On the coldest, wettest June Friday imaginable four of us met at Meri and Steve's to load hundreds (and hundreds and hundreds) of pots into the woodfiring 'Joe Finch' kiln - now looking a little motheaten after birds have raided the ceramic fibre cladding for nest building. Ruthanne arrived in the evening slightly gob smacked at the density of packing. An ex-Californian, she has lived in Britain since her late teens.
Bricking up the door of the kiln
After an overnight warm up with a gas burner, stoking began in earnest at 10 am. Rotas of volunteers kept the wood steadily entering the fireboxes under the direction of Steve and Ruthanne. Approximately 1 kg of soda had been well dispersed in small glazed dishes between the pots (NB. not biscuit-it melts under the soda), and sets of cones and draw rings ( high silica clay) were placed accessibly to ports in the door. Using only two or three pieces of wood at a time the temperature was kept rising steadily, but at 1200o C the temperature appeared to be sticking. Checking the cones revealed this to be a pyrometer problem. A delicate balance between reduction firing from 1000oC, and temperature rise followed with Ruthanne now controlling the firing, giving a convincing impression of a Hollywood version of a NASA countdown. Steve was now obviously wanting to be involved but graciously was backing off-every 20 minutes! Between 1260oC-1280oC, 1 1/2 kgs of soda painted onto the fuel was added and at 1280oC, a soda solution (1/2 kg) was regularily sprayed into the kiln. Overall 3kgs of soda was needed. A soak at 1300oC for 45 minutes completed the firing in the early evening. Steve then disappeared to start cooking goulash for the assembled company.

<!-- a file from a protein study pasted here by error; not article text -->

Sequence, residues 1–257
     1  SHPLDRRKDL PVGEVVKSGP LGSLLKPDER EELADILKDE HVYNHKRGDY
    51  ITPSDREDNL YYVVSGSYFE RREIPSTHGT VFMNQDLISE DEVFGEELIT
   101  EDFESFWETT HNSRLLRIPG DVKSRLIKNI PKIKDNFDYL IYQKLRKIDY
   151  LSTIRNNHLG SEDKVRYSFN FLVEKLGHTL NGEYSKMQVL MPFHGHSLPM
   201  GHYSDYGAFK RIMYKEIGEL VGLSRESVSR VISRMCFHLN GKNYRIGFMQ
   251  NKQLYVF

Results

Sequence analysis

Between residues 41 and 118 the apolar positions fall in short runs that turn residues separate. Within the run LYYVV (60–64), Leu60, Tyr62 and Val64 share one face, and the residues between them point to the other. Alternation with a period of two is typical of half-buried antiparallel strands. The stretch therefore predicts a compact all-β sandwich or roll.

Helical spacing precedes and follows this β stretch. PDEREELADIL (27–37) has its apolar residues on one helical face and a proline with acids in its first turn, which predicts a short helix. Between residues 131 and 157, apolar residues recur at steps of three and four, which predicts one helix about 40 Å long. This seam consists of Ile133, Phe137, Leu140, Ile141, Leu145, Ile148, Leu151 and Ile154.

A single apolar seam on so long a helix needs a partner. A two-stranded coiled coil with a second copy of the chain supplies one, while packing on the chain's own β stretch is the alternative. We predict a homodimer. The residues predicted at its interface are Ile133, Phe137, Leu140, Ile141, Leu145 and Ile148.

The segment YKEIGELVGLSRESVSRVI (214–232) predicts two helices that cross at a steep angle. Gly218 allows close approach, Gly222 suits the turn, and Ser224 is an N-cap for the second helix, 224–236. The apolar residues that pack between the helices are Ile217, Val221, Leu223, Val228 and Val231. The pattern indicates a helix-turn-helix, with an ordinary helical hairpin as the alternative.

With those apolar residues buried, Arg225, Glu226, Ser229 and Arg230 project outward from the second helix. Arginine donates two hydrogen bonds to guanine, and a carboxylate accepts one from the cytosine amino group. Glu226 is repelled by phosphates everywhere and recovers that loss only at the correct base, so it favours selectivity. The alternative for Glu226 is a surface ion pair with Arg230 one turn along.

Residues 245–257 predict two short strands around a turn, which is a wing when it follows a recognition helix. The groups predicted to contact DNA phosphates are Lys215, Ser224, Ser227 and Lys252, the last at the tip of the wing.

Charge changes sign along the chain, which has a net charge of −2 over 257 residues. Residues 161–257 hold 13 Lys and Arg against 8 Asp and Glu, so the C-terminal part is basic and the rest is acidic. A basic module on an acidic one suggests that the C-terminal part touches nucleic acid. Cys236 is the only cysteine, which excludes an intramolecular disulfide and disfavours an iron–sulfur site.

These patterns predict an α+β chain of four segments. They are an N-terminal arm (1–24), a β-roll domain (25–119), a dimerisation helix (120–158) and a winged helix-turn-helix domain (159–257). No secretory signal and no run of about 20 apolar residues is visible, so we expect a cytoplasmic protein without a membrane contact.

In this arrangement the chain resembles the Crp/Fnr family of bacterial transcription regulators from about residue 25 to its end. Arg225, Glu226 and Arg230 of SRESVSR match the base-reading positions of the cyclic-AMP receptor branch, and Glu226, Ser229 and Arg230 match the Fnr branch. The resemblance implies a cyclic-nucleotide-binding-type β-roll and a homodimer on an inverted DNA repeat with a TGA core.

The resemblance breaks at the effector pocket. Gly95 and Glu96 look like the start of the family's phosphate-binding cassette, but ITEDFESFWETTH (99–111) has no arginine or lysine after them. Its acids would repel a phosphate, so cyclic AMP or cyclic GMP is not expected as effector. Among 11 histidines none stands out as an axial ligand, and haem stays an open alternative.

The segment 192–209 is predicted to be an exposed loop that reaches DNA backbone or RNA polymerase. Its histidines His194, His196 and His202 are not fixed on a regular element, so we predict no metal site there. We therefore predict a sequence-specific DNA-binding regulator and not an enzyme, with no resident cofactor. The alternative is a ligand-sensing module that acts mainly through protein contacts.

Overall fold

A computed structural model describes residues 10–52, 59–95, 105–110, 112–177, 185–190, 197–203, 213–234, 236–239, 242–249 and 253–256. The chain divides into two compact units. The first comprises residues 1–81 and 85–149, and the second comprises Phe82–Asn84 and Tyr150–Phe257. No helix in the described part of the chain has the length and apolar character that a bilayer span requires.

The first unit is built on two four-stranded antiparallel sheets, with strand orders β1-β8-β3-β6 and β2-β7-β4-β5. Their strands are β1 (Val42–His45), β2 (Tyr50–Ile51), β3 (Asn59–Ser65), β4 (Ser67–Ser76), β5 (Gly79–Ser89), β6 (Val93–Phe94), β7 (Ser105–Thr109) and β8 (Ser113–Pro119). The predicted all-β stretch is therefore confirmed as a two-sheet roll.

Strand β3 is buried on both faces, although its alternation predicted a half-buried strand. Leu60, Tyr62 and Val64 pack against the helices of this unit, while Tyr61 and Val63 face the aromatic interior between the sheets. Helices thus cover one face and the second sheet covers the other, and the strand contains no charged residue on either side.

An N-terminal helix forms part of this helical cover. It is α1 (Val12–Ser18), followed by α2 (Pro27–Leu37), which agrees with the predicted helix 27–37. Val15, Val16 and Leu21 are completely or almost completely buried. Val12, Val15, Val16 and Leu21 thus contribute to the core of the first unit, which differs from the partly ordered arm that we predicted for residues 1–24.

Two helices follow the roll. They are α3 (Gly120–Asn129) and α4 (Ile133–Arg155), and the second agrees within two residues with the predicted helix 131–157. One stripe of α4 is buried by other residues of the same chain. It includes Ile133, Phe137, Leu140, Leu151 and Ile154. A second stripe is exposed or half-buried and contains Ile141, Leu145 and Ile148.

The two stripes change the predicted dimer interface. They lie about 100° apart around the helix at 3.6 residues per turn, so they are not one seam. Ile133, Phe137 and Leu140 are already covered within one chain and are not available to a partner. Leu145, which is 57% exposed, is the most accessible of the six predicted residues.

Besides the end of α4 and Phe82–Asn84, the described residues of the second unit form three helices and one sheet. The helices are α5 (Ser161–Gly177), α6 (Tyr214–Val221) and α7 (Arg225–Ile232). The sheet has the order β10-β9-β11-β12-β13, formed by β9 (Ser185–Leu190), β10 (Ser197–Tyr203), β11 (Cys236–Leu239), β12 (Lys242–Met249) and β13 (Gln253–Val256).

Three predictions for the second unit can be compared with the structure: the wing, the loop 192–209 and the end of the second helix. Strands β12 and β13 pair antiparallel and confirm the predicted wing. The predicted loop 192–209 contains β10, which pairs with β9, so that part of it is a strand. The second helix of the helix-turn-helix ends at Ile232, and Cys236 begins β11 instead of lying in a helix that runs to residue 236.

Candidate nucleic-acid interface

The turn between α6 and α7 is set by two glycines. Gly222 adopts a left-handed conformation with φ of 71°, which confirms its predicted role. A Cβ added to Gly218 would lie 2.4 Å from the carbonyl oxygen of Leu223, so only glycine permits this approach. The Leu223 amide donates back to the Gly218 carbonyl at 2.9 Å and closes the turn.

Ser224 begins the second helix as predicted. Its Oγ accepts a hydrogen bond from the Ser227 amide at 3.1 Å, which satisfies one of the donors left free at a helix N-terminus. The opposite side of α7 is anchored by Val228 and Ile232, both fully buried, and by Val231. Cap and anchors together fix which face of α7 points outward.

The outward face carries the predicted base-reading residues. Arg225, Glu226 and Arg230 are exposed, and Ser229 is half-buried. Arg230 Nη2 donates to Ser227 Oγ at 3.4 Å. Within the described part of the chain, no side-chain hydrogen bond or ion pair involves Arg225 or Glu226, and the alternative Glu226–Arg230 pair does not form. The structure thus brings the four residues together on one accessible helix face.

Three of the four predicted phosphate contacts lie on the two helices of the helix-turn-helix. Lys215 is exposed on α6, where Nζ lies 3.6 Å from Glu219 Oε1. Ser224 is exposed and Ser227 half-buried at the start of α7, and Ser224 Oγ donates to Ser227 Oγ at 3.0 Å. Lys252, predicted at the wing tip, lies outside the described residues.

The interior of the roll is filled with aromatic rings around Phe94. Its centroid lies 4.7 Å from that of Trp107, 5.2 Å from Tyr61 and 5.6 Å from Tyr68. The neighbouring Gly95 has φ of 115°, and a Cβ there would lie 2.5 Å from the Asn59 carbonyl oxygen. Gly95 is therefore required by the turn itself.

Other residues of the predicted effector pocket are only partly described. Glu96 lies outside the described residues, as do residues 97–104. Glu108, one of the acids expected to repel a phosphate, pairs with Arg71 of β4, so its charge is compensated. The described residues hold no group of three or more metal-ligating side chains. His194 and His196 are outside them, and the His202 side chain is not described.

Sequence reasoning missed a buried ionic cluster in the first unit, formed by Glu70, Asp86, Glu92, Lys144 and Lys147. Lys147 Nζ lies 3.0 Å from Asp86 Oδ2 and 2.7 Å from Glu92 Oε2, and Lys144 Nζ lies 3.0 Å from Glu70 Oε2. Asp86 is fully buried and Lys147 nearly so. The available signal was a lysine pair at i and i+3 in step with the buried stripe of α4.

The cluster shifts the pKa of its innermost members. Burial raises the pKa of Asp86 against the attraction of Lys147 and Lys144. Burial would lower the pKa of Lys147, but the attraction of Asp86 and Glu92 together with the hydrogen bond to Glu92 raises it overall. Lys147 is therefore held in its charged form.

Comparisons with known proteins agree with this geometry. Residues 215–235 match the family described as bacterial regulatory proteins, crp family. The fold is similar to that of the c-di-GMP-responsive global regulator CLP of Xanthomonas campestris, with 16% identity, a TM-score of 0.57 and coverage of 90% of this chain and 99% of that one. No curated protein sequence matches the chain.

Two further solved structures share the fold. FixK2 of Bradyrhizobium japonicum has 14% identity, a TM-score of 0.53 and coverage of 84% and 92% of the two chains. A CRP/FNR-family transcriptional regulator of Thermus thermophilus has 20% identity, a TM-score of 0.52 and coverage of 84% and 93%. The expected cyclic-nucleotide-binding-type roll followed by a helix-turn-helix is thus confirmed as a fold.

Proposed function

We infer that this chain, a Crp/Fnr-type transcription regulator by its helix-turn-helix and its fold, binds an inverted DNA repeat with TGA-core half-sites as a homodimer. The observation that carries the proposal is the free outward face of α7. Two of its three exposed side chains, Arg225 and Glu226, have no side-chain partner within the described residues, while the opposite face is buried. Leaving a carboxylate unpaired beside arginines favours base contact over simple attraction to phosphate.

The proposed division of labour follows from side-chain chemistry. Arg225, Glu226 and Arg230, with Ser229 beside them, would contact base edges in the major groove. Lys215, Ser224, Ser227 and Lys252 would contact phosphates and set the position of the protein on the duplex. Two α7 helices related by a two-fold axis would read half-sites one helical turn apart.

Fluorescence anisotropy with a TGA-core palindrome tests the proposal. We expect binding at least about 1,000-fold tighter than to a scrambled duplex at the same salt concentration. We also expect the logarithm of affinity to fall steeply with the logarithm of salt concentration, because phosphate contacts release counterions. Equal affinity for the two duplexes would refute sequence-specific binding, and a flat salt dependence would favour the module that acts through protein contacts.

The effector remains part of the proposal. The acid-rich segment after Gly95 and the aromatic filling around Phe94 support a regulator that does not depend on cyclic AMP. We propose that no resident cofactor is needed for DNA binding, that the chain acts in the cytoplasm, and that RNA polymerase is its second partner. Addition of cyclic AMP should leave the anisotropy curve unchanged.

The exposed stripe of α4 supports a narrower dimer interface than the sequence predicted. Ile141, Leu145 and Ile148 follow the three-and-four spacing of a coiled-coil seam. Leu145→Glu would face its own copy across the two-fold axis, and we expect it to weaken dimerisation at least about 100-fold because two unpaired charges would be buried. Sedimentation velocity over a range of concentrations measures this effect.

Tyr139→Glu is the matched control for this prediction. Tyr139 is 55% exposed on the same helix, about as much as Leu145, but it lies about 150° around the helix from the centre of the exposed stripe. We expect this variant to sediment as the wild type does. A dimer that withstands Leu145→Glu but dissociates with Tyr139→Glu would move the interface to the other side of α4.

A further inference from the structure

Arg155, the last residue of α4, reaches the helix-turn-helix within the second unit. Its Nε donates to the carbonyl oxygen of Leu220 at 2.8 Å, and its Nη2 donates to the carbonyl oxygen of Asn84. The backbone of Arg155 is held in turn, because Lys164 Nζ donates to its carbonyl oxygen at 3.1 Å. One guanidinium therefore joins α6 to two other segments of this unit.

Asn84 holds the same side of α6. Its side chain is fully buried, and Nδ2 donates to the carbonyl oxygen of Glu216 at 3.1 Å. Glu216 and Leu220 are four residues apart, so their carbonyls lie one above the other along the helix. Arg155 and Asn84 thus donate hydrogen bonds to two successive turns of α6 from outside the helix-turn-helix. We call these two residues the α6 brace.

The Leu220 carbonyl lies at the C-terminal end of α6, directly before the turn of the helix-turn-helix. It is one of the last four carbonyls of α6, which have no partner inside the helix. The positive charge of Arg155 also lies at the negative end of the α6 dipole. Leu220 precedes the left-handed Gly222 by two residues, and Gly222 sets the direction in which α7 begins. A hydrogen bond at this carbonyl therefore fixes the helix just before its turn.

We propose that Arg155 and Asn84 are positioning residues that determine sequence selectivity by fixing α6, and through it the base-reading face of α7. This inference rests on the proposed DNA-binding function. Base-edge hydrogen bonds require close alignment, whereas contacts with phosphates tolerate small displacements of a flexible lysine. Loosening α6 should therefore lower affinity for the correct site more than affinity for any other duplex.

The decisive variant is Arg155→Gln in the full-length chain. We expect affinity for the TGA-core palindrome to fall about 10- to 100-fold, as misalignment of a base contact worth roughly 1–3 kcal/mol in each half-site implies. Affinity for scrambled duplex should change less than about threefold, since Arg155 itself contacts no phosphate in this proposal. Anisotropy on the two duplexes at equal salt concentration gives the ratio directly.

The weather throughout the firing had been dry but very windy, but it decided to start to rain as the firing finished.
Stoking the kiln
On Sunday morning, Ruthanne showed slides illustrating the development of soda glazing over the years principly from German 13/14th century. Bellamine, it was suggested, owed their origin to the Green Man. The survey continued with a sample of contemporary sodium glazed ware and some shots of kilns- and their interiors.
In the afternoon, Ruthanne showed her throwing techniques ending with a teapot thrown off the hump, spout first, a handle ring, lid thrown right way up and finally the body. Other pieces were heavily facetted with bamboo harps with very heavily crinkled wire.
Finally Sunday ended with the opening of the kiln. The main thing about the firing was the wide range of results, both in the amount of reduction evident and the sodium flashing. This was almost certainly owing to the weather conditions and the density of packing. Your commitee were obviously too generous in the number of pots allowed to each participant. Due note has been taken.
Ruthanne Tudball - 'Dancing Vase'
This was a fascinating
and informative weekend which Ruthanne's personality and knowledge kept continuously
lively-in face of everything a British summer could throw at us! Potters really
must be crazy.